Does viscoelastic stay inside the eye when we inject it there to protect the corneal endothelium? Or does it get washed out with the flow of balanced salt solution through the eye which can, at times, be hundreds of milliliters of fluid? In the case presented here, many tiny air bubbles are injected into the anterior chamber at the beginning of the case when the intra-cameral lidocaine is introduced. Next, these tiny air bubbles are pushed up against the corneal endothelium with injection of a dispersive viscoelastic. This case will show you that, yes, the viscoelastic is maintained and the corneal protected, until we intentionally remove it at the end of the case.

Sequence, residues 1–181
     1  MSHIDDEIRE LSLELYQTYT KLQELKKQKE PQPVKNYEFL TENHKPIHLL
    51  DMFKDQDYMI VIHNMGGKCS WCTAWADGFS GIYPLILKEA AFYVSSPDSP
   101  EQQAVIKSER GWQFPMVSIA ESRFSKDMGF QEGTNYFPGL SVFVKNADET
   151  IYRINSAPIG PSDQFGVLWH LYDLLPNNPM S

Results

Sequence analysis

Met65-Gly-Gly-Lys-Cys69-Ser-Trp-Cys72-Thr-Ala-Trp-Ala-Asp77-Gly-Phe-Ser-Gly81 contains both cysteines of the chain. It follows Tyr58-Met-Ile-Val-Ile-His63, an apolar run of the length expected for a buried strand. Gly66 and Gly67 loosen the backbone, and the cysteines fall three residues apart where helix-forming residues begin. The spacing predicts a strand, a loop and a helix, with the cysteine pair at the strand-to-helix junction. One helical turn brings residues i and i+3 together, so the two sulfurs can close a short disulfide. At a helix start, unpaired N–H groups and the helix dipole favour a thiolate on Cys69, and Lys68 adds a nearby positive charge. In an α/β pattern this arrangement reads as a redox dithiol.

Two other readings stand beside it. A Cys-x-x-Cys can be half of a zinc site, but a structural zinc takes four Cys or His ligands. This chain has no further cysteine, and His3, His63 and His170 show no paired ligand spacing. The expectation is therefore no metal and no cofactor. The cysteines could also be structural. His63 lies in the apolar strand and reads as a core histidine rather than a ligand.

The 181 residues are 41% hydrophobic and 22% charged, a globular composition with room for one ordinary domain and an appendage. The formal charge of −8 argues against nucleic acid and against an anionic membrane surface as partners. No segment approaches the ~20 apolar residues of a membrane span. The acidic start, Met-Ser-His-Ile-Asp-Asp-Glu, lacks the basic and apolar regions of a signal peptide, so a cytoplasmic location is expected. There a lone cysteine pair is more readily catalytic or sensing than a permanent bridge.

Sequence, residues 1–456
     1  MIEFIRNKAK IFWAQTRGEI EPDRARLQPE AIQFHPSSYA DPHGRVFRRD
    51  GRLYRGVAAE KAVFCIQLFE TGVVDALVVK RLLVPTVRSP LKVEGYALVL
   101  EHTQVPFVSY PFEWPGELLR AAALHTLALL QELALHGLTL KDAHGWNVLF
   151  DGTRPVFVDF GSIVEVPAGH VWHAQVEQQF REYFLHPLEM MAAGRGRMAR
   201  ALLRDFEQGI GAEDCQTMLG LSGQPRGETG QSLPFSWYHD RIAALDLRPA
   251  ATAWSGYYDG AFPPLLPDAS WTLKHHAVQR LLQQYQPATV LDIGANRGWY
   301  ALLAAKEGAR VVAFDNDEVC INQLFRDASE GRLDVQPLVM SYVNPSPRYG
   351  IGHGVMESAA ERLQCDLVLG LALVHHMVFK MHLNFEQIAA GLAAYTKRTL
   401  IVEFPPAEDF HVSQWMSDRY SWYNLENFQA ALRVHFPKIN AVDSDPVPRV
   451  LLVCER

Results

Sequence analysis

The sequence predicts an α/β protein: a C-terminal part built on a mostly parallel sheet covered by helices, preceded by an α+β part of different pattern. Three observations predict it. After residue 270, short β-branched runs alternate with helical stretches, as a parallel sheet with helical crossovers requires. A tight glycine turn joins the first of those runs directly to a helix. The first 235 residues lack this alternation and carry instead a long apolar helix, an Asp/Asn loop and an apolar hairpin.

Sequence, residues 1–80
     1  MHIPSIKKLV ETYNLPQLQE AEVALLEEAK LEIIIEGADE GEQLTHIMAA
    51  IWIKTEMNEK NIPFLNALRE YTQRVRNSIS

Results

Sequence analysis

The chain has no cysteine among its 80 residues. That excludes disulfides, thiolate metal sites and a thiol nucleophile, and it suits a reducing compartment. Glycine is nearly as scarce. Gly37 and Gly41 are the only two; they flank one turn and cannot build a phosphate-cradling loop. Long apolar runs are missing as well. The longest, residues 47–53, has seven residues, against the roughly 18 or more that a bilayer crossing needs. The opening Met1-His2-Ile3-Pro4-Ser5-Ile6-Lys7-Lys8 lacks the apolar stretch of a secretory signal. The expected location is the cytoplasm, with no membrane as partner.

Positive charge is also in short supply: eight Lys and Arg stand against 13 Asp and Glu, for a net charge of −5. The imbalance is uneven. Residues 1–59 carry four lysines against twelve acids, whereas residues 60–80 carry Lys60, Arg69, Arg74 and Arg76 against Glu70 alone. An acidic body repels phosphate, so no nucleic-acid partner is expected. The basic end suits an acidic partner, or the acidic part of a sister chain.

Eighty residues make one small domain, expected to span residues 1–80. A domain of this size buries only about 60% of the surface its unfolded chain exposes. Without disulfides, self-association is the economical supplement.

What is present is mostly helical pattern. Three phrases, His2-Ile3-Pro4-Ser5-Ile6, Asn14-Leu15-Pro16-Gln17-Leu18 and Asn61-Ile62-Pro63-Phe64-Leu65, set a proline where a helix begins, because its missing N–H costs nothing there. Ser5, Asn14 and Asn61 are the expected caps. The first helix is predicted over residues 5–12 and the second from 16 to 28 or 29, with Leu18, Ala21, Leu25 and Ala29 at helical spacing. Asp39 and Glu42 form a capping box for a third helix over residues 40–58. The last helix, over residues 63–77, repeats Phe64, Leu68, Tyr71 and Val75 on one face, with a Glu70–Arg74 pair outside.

We can also use various dyes to tint the viscoelastic (also called OVD: Ophthalmic Viscosurgical Device, particularly in the USA since it classifies as a medical device instead of a pharmaceutical product). This technique uses tiny air bubbles instead which makes it safe as well as easy.
Click below to watch the video to see the results:
All content ©2018 Uday Devgan MD. All rights reserved.